In February, the U.S. Forest Service published a report indicating that cities around the country are losing around 4 million trees per year. Of the 20 cities included in the study, 17 showed significant losses of canopy cover, and 16 showed significant increases in impervious hardscape (or paved surfaces that don’t absorb water). At the same time, cities like Los Angeles, New York, Salt Lake City and Philadelphia continue to announce “Million Tree” planting initiatives as part of citywide green infrastructure efforts.
But are these initiatives likely to result in long-term success for urban trees? I’m not optimistic. That’s because we can’t expect to increase canopy cover, environmental utility or tree mortality rates simply by increasing the number of trees we plant — we have to change how we plant them.
Trees are a huge asset to their communities, yet we frequently fail to plant them in viable conditions where they can grow to maturity. Why are mature trees important? As trees grow, they provider greater and greater economic and environmental value, becoming increasingly effective at lowering temperatures, reducing energy costs, enhancing property values and calming traffic. At mature sizes, trees begin to function as meaningful green infrastructure.
For example, a study by U.S. Forest Service researchers shows that a tree with a 30-inch trunk circumference delivers 70 times the air quality benefits of a tree with a 3-inch trunk circumference. Urban trees are a part of almost every development, yet mature urban trees are rare, and might be the most underutilized resource for leveraging maximum value and utility from public spaces.
There can be many reasons why urban trees fail to grow to useful sizes, but the most critical is that they generally don’t have access to sufficient amounts of soil, resulting in a short death and replacement cycle. We remove them — at ongoing expense — before they ever grow big enough to make much environmental or economic contribution. According to the Maryland Department of Natural Resources, the average lifespan of a tree in a downtown area is less than 10 years. At a time when we are facing more serious environmental threats than ever before, leveraging the many benefits that trees offer is critical.
Planting trees in conditions that will support long-term growth is the first way in which we need to revise our assumptions about trees as green infrastructure. For trees to live to 60, 70 or 80 years old they need adequate amounts of high-quality soil — around 1,000 cubic feet per tree. Our estimates indicate that trees planted in 1,000 cubic feet of soil pay back their costs after around 20 years. And those trees should be around and contributing substantial economic value for many decades beyond.
Properly planted trees also play an important role in stormwater infrastructure. This is arguably where they have the greatest value. The soil trees grow in alone is capable of managing rainfall events of up to two inches, which is greater than the average storm event in many places. As trees grow bigger and put out fuller canopies, their capacity to manage stormwater via interception (the amount of rainfall temporarily held on tree leaves and stem surfaces) increases, which can provide significant additional stormwater benefits beyond storage in the soil.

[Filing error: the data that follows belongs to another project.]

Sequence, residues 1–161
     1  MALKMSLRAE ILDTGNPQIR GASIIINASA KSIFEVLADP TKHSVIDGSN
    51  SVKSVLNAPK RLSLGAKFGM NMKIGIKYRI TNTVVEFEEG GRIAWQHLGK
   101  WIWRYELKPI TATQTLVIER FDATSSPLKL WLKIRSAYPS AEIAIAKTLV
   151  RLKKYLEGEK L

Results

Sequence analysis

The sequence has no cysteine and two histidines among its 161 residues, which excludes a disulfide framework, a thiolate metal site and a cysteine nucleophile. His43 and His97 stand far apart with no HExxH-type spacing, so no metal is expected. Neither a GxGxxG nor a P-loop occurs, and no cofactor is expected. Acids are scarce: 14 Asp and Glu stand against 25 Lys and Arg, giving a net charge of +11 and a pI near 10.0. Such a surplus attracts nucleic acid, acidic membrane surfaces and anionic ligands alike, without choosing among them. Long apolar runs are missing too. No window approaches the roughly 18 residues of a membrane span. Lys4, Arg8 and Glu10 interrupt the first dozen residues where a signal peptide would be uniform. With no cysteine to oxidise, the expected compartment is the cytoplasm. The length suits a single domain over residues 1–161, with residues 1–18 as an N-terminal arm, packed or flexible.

I’m not trying to pick on Million Tree initiatives. Garnering public support and involvement in tree planting is an important part of the long-term success of the urban forest. My point is simply that we need to pay attention not just to quantity of trees, but to quality andperformance. That must start with ensuring that they have access to adequate soil volumes, even in paved areas like sidewalks, parking lots and plazas.
Some cities across North America are beginning to address the problem of in adequate planting conditions by setting soil volume minimums for street trees. Toronto, Ontario has the most ambitious program: Their Green Standard calls for street trees in shared soil volumes to receive a minimum of 15 cubic meters (529 cubic feet) per tree, and for single trees to receive a minimum of 30 cubic meters (1,059 cubic feet) per tree. The West Virginia Department of Environmental Protection, Athens-Clark County in Georgia, Markham, Ontario and the Denver Parks Department are some of the other municipalities that are setting soil volume minimums to ensure the long-term viability of their trees.
We make massive investments in “gray” urban infrastructure features, like pipes and light poles, with the expectation that they will perform as efficiently and effectively as possible for decades — even though they lose value as soon as they go online. Trees work in the opposite way and require us to plan a little differently, yet the potential payback is enormous. Designing conditions for trees to grow and thrive in urban areas will significantly leverage their value and effectiveness to the community at large, and we all stand to benefit.
This post originally appeared in Next American City.